Negotiating better loan terms can save thousands of dollars over the life of the loan, though the process demands some homework and can be complicated.

This means knowing your priority. For example, when you go to money lenders to negotiate terms of the package, you might want to put more weight on lower interest rates than higher monthly payments, or longer repayment periods than shorter ones.

Know Your Goals

For example, loan applicants might feel they have to accept what the lender offers; but in fact, they might not. If a borrower improves his or her credit score and shops around for financing before getting into discussions with lenders; if the borrower is willing to negotiate the terms of the loan; if he or she considers the length of the loan – shorter loans can be more expensive, so choosing one that doesn’t fit the borrower’s plans might not be the best deal – if the borrower knows the fees that will be charged, and the interest rate; and if the borrower has all of this in writing before they make an application, they could be assured of borrowing at the best terms they can get.

In fact, honing those negotiating skills could mean saving thousands in interest rates and fees over the life of the loan. Borrowers need to tailor their negotiations to the type of loan and the policies of the lender. Learning, persistence, and the ability to respond to rejections make for savvier bargainers over time. If you have a Plan B, be it crowdfunding or mortgage refinancing, against a lending denial, rejection or counteroffer, you can treat them all the same. Your offer is accepted when it’s your preferred offer.

Know the Lender’s Priorities

Each lender has its own strategy (and its own set of policies) for negotiating loans, and it is essential to understand them if you want to bargain successfully. For example, many large banks will rarely compromise on loan terms whereas, if you’re looking at a finance company or online lender, or if you’re already a member of a credit union, you might be in a better position to negotiate.

Understanding what is important to your business can be helpful here, too. Never ask for unrealistic terms – this will cause the lender to view you unfavourably and probably stop the conversation dead. Instead, use market norms or your financial situation to anchor your requests, ask for flexibility if you’re offering a personal guarantee or paying a fee, and attempt to use competing loan offers to pressure lenders into a price concession (this really strengthens your hand, but do maintain professionalism and reserve in these deliberations).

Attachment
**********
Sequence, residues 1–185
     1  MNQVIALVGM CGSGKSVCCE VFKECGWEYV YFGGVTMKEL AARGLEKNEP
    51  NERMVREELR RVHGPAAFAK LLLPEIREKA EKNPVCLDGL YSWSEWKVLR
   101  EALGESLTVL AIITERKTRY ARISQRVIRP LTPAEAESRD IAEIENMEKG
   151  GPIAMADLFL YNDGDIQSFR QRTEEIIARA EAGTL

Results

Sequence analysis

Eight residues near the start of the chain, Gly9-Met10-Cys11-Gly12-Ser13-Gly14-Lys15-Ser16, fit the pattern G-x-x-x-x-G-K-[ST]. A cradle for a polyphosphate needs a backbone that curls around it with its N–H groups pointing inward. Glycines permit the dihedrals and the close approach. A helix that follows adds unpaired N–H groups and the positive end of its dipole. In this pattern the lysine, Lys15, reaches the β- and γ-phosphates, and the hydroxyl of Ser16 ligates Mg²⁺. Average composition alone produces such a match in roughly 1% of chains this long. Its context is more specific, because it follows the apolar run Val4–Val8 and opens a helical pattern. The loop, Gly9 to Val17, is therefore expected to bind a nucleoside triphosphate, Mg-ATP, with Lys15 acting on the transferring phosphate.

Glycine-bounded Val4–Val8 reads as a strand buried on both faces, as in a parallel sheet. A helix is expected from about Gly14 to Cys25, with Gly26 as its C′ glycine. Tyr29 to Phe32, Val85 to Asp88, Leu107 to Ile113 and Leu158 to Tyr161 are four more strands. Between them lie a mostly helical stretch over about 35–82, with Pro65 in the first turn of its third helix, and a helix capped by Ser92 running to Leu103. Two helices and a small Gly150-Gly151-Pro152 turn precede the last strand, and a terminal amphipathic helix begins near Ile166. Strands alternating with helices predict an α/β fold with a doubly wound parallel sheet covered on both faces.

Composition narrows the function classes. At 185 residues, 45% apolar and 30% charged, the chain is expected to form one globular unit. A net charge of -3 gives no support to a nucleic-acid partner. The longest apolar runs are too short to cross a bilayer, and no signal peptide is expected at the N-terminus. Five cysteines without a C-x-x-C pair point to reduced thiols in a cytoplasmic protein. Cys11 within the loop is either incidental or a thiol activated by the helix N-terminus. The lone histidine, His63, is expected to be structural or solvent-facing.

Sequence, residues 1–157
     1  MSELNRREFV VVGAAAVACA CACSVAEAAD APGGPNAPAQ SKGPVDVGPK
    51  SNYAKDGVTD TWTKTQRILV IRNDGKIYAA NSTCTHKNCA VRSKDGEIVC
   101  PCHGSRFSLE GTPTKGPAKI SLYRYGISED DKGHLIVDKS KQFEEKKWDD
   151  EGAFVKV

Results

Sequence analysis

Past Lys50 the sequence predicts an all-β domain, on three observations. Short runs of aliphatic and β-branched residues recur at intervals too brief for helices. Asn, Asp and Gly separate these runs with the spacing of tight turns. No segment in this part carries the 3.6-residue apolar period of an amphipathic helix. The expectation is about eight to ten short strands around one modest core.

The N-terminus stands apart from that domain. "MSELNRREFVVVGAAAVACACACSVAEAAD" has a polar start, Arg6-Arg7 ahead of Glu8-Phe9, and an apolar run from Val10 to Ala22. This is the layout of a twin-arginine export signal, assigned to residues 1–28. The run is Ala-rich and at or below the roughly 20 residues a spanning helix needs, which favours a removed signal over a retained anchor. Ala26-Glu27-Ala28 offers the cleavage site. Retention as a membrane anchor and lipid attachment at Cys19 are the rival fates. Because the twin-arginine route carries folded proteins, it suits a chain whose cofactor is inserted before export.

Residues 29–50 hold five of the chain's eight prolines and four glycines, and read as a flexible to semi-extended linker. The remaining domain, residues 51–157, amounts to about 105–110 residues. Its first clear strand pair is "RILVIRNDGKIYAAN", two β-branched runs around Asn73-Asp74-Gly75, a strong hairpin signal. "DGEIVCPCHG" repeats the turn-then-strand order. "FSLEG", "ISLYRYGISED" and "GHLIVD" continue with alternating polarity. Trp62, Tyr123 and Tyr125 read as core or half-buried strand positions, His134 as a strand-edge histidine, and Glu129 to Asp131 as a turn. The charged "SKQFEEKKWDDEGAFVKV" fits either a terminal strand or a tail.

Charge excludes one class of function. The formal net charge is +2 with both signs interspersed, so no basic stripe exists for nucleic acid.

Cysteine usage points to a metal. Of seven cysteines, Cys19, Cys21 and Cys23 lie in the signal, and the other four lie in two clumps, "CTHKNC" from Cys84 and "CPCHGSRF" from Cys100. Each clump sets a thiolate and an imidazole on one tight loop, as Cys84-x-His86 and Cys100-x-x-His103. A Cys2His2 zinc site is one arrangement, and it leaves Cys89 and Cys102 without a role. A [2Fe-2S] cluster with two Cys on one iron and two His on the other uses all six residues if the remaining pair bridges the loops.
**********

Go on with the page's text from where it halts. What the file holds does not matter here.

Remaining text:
Be Flexible

Meaning, lenders want your business and will offer loan terms and fees to get it, but also, it’s helpful to be flexible in establishing priorities before the negotiations start.

And it can be equally useful to understand what your creditor has in mind and what constraints she may have faced in reaching that position. You can better predict if a resolution that satisfies you will also be satisfactory to your creditor by researching creditor policy, creditor reputation and, if you know the outcome of other creditors’ negotiations with the same creditor, what that creditor was prepared to accept.

Borrowers should enter negotiations with lenders armed with competing offers, making it clear that you have cheap credit elsewhere at your fingertips, formalised in writing, and that you won’t be afraid to walk away from the negotiations if a deal isn’t offered that ‘makes the most sense’ specifically for you, which in turn will allow you to feel more empowered using your negotiating skill to improve the terms.

Be Bold

Bold people, rather than being risk-averse like others, are willing to put themselves out there even when it’s uncomfortable. This is what defines them.

In negotiating a loan, it is important to maintain your emotional control so that you make the most business-friendly decision. This is where some common sins – overestimation of leverage, misunderstanding of the terms of a loan document, and the failure to seek other financing options – re-emerge.

This process should enable you to successfully negotiate lower terms with lenders, but remember that a promise is a promise, so you must follow through, and be prepared to pull the plug on any deal that does not look in the best interests of your organisation. researching and understanding how to apply strategic negotiation techniques can help to get the best possible deal with your organisation’s lenders.

Keep Your Emotions in Check

Be present and mindful during the negotiation process. Being emotional in the process could cause you to overreact and might also make it harder to get the terms of the loan which you are looking for.

Furthermore, during your negotiation process, do not put forth unreasonable demands. Keep your requests on the margin of reasonableness based on market norms and according to your financial capabilities. Your Strong Financial Profile: If your business holds assets that can be offered to convince moneylenders of your creditworthiness, you enjoy an advantage. Having documentation illustrating your company plan’s viability can help you obtain more favourable loan conditions.

Overestimating Your Leverage: Many business owners go into the negotiation assuming that their leverage or collateral will automatically improve loan terms, but lenders assess risk differently than business owners and many lenders are not as impressed with your collateral as you thought they would be. Failure to Consider Alternative Funding Sources: Failing to consider your alternative funding sources ahead of negotiating weakens your ability to walk away from negotiations and leaves you with less than optimal loan terms.

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